The Symptoms You Need to Know Are Possible With Migraines
We stop in the middle of the parking lot. I open the door only to crumble out of the car onto the asphalt below. There I lay, on the pavement outside the emergency room. I am no longer able to move my left arm or left leg.
I have no idea what is happening to me as they roll me into the ER. I sense my wife as I go past, but I do not recognize her.
I end up on an examination table. A nurse or a doctor is looking me over. He asks me my name. I know my name: I say “J-A-S-O-N.” Nothing comes out of my mouth. I am not sure if my jaw moves. He asks me again. Again my brain answers but my body is unable to follow my brains command.
“What is happening to me?” I ask myself.
With my right hand, I reach across to my left thigh and pull out my wallet and hand it to the man. “This is who I am,” I jest to him and to myself.
I cannot speak, move my left arm or my left leg. I can’t seem to feel anything anymore. I am scared and confused.
Earlier in the morning, I experience an aura, a complete array of kaleidoscopes and prisms for 40 minutes. When that ends it sets off a lacerating explosion inside my head, like a smashed pane of glass. I felt shattered shards of glass flying in all directions inside my head. Now it was gone. Which is odd, my migraines don’t usually end for days or weeks on end.
Now they’re putting me in a tube. It only lasts a few moments, or so it seems.
My eyes open. I am in a hospital room. My vision is functioning, which is a step above the ocular migraine I had earlier in the morning, before the aura. The same one I’ve been experiencing almost every morning for the last several months leading up to this day.
My wife and baby are in the room. They look familiar again. As they drove me to the hospital a few hours earlier they became strangers. I sensed their familiarity, but lost touch with any connection to them on the ride to the hospital.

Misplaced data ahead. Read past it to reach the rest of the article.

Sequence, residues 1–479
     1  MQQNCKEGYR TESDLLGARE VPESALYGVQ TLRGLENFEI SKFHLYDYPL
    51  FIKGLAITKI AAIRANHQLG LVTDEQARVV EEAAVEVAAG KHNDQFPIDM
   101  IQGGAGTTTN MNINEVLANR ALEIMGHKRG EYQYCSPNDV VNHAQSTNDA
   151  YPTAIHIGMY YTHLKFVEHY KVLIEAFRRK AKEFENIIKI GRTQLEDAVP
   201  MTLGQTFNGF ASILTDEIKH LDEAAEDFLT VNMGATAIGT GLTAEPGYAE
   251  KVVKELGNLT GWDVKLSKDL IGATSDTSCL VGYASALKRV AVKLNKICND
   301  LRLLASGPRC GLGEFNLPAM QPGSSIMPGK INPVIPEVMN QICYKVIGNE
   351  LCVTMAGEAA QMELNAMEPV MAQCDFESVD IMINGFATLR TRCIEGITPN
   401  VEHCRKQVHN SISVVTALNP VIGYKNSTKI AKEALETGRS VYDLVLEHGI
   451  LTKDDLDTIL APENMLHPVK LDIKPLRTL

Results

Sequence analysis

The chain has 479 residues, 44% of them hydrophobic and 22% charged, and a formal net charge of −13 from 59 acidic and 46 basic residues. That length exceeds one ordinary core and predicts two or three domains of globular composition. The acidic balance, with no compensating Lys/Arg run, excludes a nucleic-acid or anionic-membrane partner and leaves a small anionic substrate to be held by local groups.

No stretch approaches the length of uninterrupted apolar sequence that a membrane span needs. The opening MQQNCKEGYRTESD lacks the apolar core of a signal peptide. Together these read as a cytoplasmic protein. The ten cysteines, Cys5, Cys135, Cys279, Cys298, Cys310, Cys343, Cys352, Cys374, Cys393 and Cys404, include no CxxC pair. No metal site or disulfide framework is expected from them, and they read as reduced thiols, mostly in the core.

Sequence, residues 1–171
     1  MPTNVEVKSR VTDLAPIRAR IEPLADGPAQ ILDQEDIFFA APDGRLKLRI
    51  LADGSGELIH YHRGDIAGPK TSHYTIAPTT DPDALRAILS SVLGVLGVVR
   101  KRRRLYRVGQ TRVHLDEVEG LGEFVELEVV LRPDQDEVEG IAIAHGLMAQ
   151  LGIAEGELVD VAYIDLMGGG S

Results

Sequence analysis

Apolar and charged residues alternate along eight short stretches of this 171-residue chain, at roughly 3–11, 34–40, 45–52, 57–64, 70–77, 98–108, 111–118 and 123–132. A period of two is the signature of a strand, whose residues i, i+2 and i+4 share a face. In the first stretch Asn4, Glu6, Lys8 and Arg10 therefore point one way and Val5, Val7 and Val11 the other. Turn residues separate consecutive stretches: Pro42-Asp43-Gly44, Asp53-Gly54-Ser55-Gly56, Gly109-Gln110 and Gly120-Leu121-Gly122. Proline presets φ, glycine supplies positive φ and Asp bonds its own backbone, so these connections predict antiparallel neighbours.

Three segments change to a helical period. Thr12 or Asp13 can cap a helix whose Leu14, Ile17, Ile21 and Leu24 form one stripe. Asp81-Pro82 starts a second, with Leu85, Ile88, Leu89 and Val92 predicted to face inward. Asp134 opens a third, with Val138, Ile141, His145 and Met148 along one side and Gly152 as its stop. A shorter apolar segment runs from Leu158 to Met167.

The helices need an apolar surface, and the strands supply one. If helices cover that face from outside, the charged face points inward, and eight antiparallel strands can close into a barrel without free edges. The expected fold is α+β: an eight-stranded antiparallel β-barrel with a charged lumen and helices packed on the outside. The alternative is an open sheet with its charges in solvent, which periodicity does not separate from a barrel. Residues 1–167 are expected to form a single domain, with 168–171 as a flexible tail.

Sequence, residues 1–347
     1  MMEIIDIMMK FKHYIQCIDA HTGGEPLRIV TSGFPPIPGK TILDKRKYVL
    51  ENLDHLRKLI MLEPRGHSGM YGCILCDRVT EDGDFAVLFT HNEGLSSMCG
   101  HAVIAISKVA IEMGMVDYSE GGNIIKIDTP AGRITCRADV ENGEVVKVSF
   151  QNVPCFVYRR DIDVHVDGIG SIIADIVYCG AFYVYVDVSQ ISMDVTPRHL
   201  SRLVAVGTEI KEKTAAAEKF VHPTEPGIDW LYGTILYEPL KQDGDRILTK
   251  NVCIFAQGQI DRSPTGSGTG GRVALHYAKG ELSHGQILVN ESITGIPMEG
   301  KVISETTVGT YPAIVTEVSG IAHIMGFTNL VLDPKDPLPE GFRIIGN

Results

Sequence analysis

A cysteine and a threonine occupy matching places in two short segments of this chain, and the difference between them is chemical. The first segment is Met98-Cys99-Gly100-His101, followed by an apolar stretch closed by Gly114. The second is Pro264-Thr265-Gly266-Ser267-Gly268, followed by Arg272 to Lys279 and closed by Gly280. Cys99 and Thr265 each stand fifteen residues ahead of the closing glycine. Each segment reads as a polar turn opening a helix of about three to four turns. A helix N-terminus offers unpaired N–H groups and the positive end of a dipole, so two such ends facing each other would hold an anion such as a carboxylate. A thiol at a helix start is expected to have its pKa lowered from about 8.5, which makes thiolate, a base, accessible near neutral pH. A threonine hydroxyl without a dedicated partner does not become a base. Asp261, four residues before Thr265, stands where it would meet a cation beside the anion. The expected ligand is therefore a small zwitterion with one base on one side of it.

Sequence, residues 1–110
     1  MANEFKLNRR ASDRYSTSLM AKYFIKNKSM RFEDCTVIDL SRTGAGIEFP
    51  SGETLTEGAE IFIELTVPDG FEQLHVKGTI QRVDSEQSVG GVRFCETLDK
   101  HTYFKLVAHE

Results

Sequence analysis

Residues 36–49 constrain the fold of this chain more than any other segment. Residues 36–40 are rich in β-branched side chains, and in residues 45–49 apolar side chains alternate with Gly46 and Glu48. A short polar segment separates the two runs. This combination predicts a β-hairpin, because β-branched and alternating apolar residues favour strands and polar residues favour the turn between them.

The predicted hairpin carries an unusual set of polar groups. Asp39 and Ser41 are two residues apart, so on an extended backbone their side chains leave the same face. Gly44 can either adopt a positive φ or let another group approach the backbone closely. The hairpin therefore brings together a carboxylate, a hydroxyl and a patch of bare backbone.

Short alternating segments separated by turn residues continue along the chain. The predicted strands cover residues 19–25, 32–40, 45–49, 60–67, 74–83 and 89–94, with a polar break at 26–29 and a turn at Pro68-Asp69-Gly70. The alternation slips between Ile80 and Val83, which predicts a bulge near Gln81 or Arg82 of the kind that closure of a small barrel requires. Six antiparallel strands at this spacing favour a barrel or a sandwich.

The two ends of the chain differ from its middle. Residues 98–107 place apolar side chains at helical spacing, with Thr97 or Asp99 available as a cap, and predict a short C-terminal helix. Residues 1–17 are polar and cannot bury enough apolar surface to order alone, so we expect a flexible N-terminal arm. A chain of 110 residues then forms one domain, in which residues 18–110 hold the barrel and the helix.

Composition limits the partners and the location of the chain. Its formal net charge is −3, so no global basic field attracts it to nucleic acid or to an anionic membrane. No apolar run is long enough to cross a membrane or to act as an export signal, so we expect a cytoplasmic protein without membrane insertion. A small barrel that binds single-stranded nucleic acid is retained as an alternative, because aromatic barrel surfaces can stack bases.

A doctor examines me asking me simple questions: the day, the month, 1+1, spell bus. I still cannot speak.
More family arrives.
The doctor returns sometime later. I am able to speak a bit now. I am showing signs of improvement!
The hospital admitted me for stroke.
My experience and diagnosis: a hemiplegic migraine.
I’d never heard of a hemiplegic migraine before that fateful day. I was quite surprised to hear a migraine could lead to full paralysis of the left side of my body and mimic a stroke.
I was released from the hospital eight hours after I arrived. I went back to work 1 week later determined to get well. It took six months to recover, which I continued to experience the unexpected. Severe weakness throughout my entire body, I was rocked to my core. Tremors in my left hand like Muhammad Ali (I still have them from time to time). My memory has never been the same. I was only 35 years old at the time and in excellent physical condition. I’d never heard of anyone experiencing any migraine like this before. My doctors never warned me.
I am brought to tears every time I write about this event, recalling this painful memory. I came so close to losing everything. In the days, weeks and months following I met with doctors and specialists of every kind, testing for every possible abnormality and link that goes beyond my migraine condition. I received the same response from every single one of them, “You just have headaches.”
And that is all they will ever tell you as you ascend up the ladder of the migraine spectrum. No one will warn you of the possibility that you can lose your vision. That aura exists, or what a hemiplegic migraine is, or any of the other hundreds of migraine symptoms possible.
For the life of a migraineur, there is a surprise around every corner. To minimize the surprises, it is incumbent upon the migraineur to self-educate and understand what is possible. So that if or when you do start to experience the unexpected, you will be ready.
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